The CD Critic The Glowing Man Review
The Glowing Man – Swans
When Swans reformed in 2010 with the release of ‘My Father Will Guide Me up A Rope To The Sky’, people perhaps may not have predicted that the band would ultimately start releasing some of the most defining albums of their career. Having released two phenomenal double-albums ‘The Seer’ and ‘To Be Kind’, Swans return with their latest tour-de-force, ‘The Glowing Man’. The new album follows on much from what its predecessors established, offering gargantuan slabs of experimental post-rock that are as cryptic and enigmatic as ever. Once again, this is another challenging album experience that certainly isn’t for the faint-hearted, and one that is rather difficult to really put into words.
‘The Glowing Man’ continues much in the same vein as both ‘The Seer’ and ‘To Be Kind’, with each musician pushing along through noisy experimental tracks where everything is unrelenting yet brilliant. It’s in the uncompromising style that only Swans seem to have that we find what makes the music great. This is truly a head-space only they can create for us, with the result being something confusing yet powerful. Much of the album feels like a true companion piece to its predecessor ‘To Be Kind’, perhaps mostly in part to the similar motifs running throughout both albums (and perpetuated by the inclusion of the ‘Bring The Sun’ intro used on the previous album), but all together much tighter than they’ve ever managed. It all works well in providing a bookend to what is perhaps one of Swans’ most phenomenal and powerful musical chapters.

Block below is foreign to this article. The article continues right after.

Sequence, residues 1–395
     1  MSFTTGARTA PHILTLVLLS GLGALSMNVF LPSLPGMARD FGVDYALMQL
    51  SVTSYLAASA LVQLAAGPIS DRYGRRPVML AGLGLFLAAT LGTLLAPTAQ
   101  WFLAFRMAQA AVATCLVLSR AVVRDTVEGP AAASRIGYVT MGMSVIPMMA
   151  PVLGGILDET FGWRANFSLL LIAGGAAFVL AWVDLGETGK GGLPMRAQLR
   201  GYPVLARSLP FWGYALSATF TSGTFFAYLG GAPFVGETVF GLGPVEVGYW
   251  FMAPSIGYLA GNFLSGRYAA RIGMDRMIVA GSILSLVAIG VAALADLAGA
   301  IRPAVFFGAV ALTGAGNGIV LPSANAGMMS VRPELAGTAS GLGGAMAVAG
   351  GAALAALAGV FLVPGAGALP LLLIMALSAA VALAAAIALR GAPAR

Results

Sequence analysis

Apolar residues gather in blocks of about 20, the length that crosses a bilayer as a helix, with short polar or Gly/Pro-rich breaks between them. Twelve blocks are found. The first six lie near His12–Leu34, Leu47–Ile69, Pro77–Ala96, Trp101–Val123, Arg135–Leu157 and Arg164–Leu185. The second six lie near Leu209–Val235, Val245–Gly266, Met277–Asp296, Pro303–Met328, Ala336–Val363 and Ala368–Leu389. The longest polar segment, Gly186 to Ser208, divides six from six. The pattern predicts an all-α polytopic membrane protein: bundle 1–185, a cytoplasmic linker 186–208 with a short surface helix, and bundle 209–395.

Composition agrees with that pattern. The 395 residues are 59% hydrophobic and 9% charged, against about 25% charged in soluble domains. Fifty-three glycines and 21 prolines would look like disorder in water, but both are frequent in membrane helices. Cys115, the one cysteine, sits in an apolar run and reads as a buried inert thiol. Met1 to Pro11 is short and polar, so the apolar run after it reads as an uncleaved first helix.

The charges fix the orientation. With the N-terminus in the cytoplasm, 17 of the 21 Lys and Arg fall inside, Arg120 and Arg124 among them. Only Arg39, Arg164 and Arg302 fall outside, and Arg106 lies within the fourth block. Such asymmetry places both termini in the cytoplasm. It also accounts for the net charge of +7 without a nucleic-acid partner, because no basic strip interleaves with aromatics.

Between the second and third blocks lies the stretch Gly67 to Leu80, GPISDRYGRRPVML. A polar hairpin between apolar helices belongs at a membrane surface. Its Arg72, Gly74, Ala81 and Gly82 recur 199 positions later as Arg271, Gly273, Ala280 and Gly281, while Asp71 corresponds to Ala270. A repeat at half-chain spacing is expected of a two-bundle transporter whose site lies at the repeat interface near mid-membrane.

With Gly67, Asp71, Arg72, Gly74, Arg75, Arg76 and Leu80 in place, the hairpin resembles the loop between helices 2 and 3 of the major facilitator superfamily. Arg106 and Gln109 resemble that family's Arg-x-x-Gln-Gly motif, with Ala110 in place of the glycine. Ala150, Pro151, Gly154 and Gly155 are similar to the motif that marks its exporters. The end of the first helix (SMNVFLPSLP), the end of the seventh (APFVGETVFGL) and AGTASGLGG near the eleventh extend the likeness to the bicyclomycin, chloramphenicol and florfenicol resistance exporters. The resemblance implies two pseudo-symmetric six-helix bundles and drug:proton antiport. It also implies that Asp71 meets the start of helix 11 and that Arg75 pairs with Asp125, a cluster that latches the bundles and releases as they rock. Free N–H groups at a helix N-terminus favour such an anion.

As with many albums by Swans, there is that incredible experimental element that comes with Swans’ music that makes it all a challenging listen. Combining elements of drone into their unique sound, we’re presented with something that occupies the foreground, whilst refusing to let the listener go. It’s all together a somewhat intimidating experience, and one that is truly difficult to put into words. It’s perhaps in this challenging yet unique style that only Swans have that we find the main focal point of many of their bodies of work, what it is that drives the albums along and gives it that quality that is so enthralling.
It seemed like Swans were at the height of their creativity with the release of 2012’s ‘The Seer’, and to have followed that album up with phenomenal ‘To Be Kind’ was an impressive feat. It now seems though that Swans have repeated this once again, with ‘The Glowing Man’ being a perfect follow up to its predecessor. Although there’s a great varience in Swans music, from their early no-wave years to their dark alternative rock years in the 90s, it seems that this current wave of music is what they were always meant to do, with it being perhaps some of the best music Swans have ever released. Whether or not ‘The Glowing Man’ signals the end of this current era of Swans or not, it’s certainly great to have seen it all in action.